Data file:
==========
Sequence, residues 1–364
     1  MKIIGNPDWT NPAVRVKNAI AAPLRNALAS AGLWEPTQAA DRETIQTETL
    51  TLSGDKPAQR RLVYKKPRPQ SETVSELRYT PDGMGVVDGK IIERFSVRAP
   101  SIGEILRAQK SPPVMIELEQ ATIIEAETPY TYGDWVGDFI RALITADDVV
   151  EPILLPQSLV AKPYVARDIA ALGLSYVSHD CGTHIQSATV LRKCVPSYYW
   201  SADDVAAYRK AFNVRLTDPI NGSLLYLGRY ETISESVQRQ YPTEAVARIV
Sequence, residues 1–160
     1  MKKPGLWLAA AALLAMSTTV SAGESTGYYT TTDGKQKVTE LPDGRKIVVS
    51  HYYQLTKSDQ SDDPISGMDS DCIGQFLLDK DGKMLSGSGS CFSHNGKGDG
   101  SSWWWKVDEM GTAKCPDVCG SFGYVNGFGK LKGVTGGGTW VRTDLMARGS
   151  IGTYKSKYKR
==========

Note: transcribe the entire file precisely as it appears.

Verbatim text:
Sequence, residues 1–364
     1  MKIIGNPDWT NPAVRVKNAI AAPLRNALAS AGLWEPTQAA DRETIQTETL
    51  TLSGDKPAQR RLVYKKPRPQ SETVSELRYT PDGMGVVDGK IIERFSVRAP
   101  SIGEILRAQK SPPVMIELEQ ATIIEAETPY TYGDWVGDFI RALITADDVV
   151  EPILLPQSLV AKPYVARDIA ALGLSYVSHD CGTHIQSATV LRKCVPSYYW
   201  SADDVAAYRK AFNVRLTDPI NGSLLYLGRY ETISESVQRQ YPTEAVARIV
Sequence, residues 1–160
     1  MKKPGLWLAA AALLAMSTTV SAGESTGYYT TTDGKQKVTE LPDGRKIVVS
    51  HYYQLTKSDQ SDDPISGMDS DCIGQFLLDK DGKMLSGSGS CFSHNGKGDG
   101  SSWWWKVDEM GTAKCPDVCG SFGYVNGFGK LKGVTGGGTW VRTDLMARGS
   151  IGTYKSKYKR